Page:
Those who are interested can participate in a design system-focused hackathon that can help boost creativity in exploring new components or iterations. This can also give you a sense of what the team sees as lacking in the current state of your design system, but let's be real, hackathons are just fun.


These are kinds of users that are outside of your company and are typically your end-users. They consume your design system in the form of a greater context, think of it as your design system is the cogs that makes up the engine that they're using.

Chances are these folks aren't caught up in components or spacing values, they're just trying to get from A to B seamlessly in your app. It's not intuitive to ask these kinds of users design system-specific questions as they won't remember minor interactions or smaller elements so it's best to keep it high level. Uncovering design system-related issues involves digging into their broader experiences and then drilling down to uncover if they're experiencing issues related to poor planning, badly designed components, or lack of basic UX principles.

Here are some methods you can use to gather feedback externally:

Heatmaps and Recordings

Looking back on users navigating your app can show you every minor hiccup they encountered. The benefit here is that most tools (Hotjar is a great example) allow you to set up events so that you're not watching every single user interaction waiting for something to happen. Unmoderated sessions allow users to move freely and innately without feeling like a guineapig, while giving you a look into a common workflow.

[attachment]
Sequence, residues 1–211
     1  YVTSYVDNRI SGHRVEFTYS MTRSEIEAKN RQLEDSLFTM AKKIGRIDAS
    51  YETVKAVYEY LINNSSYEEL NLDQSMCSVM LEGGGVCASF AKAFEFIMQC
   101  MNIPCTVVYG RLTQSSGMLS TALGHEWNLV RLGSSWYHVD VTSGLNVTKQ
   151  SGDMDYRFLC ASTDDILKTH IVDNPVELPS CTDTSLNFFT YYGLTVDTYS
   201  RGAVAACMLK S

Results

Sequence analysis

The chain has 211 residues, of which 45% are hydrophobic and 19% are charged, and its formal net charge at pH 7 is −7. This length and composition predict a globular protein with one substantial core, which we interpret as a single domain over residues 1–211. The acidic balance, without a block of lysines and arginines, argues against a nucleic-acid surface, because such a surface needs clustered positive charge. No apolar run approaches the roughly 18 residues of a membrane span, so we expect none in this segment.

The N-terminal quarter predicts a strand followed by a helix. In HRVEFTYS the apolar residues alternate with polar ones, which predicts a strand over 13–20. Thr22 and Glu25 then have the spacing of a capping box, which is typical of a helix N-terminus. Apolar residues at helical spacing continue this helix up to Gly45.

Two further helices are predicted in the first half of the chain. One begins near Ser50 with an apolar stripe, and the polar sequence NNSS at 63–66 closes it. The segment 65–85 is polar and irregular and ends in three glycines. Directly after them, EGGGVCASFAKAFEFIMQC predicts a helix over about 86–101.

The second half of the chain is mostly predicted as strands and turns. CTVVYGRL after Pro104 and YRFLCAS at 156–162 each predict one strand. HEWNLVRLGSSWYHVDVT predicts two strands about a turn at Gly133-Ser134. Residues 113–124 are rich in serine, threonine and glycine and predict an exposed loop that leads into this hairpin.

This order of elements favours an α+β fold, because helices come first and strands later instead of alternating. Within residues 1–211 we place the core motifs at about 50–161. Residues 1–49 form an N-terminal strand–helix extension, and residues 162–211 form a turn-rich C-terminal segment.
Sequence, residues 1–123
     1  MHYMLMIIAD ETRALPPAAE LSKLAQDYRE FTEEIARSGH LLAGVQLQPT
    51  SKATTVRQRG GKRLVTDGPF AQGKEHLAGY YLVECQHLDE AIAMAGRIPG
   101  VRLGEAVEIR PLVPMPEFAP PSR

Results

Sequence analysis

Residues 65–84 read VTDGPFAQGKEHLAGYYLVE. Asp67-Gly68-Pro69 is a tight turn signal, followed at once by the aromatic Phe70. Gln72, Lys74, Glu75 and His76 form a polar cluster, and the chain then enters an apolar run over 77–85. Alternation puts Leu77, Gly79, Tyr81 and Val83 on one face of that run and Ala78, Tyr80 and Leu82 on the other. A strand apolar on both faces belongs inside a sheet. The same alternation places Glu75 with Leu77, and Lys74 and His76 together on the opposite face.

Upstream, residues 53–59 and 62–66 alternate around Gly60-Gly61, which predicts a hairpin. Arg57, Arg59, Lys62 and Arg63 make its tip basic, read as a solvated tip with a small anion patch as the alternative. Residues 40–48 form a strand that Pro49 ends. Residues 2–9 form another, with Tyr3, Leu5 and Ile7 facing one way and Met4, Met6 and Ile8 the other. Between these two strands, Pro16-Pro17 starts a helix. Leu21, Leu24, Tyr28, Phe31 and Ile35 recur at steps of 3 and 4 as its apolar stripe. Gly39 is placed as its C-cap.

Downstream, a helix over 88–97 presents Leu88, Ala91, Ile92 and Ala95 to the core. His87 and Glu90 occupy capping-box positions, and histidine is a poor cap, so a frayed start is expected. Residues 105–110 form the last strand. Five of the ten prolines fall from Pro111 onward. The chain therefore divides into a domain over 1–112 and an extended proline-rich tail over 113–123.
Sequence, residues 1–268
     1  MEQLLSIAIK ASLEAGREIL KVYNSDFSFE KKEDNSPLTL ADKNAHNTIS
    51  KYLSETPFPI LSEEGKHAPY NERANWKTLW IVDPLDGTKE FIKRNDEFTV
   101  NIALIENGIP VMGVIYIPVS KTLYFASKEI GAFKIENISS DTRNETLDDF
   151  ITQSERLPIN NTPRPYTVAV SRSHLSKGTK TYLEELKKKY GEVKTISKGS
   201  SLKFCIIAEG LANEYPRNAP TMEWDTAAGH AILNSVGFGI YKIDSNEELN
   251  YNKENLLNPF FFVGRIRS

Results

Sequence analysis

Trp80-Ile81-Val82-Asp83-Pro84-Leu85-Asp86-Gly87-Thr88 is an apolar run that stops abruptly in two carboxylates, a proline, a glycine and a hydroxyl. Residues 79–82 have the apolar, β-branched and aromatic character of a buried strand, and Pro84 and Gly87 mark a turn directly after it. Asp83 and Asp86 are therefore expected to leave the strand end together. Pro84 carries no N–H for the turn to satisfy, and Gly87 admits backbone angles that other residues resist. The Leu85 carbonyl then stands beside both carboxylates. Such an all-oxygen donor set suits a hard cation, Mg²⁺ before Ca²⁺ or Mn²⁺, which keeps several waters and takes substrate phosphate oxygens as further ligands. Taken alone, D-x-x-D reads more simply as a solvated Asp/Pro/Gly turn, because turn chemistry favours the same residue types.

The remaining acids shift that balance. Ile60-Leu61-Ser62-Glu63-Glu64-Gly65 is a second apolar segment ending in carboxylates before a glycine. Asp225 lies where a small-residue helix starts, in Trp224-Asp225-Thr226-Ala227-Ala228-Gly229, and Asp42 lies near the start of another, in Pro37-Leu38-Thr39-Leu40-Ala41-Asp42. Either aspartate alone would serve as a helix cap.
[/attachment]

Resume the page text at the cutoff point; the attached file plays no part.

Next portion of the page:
Leveraging Customer Success and Support

When working with teams that interact with customers regularly you get the best of both worlds; the experiences of customers and the knowledge of someone that works within the internal team. You can let them know that you're looking for design system related insights and they can help point you in the direction to either the data or the right customers that have relevant experiences. Keep in mind that these people are not the customer and that you may still need to go to the source.

Monitoring bugs

I've seen a ton of bugs related to poorly built components, places where accessibility was forgotten, or general inconsistencies. No product is perfect and here is where you can catch slip-ups or low-hanging fruit. Ensure that engineers and product folks have design eyes on every relevant ticket so that you can triage appropriately.

Feedback sessions

As mentioned already, asking your end-users about your design system directly isn't the way to go. A useful method for leveraging interviews is to collaborate with another team working on a feature. Ask them for 5-10 minutes at the end of the session where you can focus on anything design system related. For example, say you have a team working on building version 2 of a chat feature. You can observe your team interviewing the user on the general usability, and afterward question them around things like accessibility, ease of use, delight, etc. It's best to have a loose template of questions so that you aren't scrambling for time.

There's No One Size Fits All

Design systems are tailor made for your product and company, so there isn't one deal workflow or process to follow. As any designer knows, gathering feedback is an integral way to figure out where anything you design can be made better for the folks you use it.